After the officers left the scene, three neighbours emerged from the bushes where they were hiding and carried him into his compound.
"They laid me under a macadamia tree shade...I could not speak. I used sign language...at around 2.30pm my parents and my wife came from church and found me moaning under the tree," he says.
The neighbours narrated what had happened and a motorcycle rider was sought to ferry Mr Maina to hospital.
"I had to first be taken to the same police station to get an introductory letter to a health facility so as to be treated as a victim of a criminal attack...the officers refused to write me the letter," he said.
But seeing that his condition was getting worse, they agreed to give him an (Occurrence Book) OB number.
He was then put in a taxi and ferried to Murang'a Level Five Hospital where medical examination showed he had suffered a fracture, sprained legs two broken fingers.
The report also indicated that he had dental pain as well as painful bruises on his body.
The doctor noted that the medical report was supposed to be captured in a police P3 form that ascertains degree of injuries from accidents and criminal attacks, a form the officers refused to grant him.
He was discharged from hospital after three days "and I have been nursing my injuries here at home waiting for God's justice since I have no ability to take these officers head on for attempting to kill me".
He says his wife has since left him after he lost his ability to be the breadwinner.
"I have a wife and two children. Being a class 8 graduate who pursued masonry course, with my disability now I cannot provide for them. My elderly parents cannot afford to provide for us," he said.
His parents, Mr Naftari Kariuki and Mrs Joyce Waigumo said their son has never been arrested for any offence and has never been suspected of being an outlaw.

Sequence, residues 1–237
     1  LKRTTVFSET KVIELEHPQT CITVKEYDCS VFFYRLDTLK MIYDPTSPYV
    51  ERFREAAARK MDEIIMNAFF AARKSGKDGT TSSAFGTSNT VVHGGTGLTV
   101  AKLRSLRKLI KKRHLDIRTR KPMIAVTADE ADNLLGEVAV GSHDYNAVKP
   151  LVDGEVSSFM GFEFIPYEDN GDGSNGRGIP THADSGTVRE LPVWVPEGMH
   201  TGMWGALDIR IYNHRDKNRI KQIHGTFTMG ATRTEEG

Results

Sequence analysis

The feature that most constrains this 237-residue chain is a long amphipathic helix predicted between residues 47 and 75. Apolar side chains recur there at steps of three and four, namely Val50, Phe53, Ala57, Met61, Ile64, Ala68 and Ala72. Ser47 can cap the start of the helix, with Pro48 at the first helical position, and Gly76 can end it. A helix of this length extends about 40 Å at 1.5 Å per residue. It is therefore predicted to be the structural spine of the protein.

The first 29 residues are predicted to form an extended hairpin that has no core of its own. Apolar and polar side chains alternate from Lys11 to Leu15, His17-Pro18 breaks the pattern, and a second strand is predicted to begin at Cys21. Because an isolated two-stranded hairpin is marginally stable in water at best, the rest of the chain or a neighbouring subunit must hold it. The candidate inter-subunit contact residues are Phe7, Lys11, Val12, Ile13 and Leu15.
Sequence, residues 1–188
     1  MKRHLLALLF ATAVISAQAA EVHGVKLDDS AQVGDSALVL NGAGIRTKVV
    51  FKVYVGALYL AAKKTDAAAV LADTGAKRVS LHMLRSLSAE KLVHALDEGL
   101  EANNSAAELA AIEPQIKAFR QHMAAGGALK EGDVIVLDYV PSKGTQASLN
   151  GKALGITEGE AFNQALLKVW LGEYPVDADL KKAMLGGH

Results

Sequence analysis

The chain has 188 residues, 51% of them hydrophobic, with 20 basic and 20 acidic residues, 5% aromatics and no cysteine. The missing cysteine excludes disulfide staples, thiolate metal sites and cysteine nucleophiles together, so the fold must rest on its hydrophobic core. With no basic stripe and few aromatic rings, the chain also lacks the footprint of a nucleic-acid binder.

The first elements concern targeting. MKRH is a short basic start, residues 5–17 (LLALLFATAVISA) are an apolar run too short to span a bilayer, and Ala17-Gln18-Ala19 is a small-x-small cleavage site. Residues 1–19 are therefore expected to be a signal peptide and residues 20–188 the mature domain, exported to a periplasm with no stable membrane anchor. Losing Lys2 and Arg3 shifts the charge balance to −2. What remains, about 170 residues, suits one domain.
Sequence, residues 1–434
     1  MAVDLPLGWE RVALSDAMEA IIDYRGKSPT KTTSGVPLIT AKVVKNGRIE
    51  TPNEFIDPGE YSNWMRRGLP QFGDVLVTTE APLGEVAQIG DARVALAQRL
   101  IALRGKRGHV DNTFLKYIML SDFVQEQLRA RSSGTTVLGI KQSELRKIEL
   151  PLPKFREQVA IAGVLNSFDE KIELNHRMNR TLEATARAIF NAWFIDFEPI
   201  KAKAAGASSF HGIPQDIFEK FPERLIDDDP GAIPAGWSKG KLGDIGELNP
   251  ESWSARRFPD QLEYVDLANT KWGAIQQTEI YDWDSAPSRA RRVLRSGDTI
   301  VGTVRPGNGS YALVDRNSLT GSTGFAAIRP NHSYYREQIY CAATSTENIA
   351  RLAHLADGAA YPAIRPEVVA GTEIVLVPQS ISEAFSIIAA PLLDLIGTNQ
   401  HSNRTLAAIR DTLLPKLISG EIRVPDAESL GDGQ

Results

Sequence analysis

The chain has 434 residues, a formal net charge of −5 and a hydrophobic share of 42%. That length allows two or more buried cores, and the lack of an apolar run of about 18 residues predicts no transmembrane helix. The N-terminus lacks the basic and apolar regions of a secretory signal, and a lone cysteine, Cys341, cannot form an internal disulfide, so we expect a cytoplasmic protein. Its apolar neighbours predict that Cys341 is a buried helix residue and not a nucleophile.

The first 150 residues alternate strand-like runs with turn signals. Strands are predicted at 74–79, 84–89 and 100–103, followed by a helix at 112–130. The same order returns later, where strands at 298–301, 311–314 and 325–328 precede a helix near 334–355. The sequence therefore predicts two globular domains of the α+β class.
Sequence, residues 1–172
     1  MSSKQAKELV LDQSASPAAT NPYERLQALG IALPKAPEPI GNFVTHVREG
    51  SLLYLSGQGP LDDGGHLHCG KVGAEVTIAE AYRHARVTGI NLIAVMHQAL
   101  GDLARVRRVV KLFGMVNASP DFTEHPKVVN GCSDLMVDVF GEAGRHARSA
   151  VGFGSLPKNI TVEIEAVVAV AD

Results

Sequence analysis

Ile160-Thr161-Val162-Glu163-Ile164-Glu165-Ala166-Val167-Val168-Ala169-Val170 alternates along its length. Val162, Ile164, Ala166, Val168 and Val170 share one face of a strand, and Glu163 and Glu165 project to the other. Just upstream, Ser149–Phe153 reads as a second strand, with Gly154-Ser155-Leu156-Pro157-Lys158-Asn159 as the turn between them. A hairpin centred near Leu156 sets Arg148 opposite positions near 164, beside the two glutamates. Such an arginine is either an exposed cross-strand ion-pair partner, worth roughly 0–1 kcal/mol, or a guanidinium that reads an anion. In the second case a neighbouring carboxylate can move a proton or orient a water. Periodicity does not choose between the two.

"It pains us to see the government that we voted for attempting to murder my son for no justifiable reason and launching [an] intimidation drive so as to defeat justice," said Mr Kariuki.
Mr Maina added that some of the officers sent a neighbour to him "demanding that I take Sh2,000 to them so that they can drop criminal charges against me".
He said the officers had taken with them the machete he was using to trim the fence "now saying it was [an] exhibit to identify me as an armed village criminal who managed to escape the police operation".
“This is only a trick to silence me from pursuing justice".
Mathioya Deputy County Commissioner Mr Kiplagat Tarus said, "I am surprised since this incident was not reported to the security seniors".
“This is a serious allegation and how it never reached us from the police station needs investigation."
Mathioya Directorate of Criminal Investigations Officer (DCI) Muriungi Muriithi said it is a “serious incident that was suspiciously concealed from our attention...I am commencing a follow up immediately".
He added, "I will personally record the victim's statement and have the P3 form issued to him and those incriminated in the allegations be made to account for their behaviour."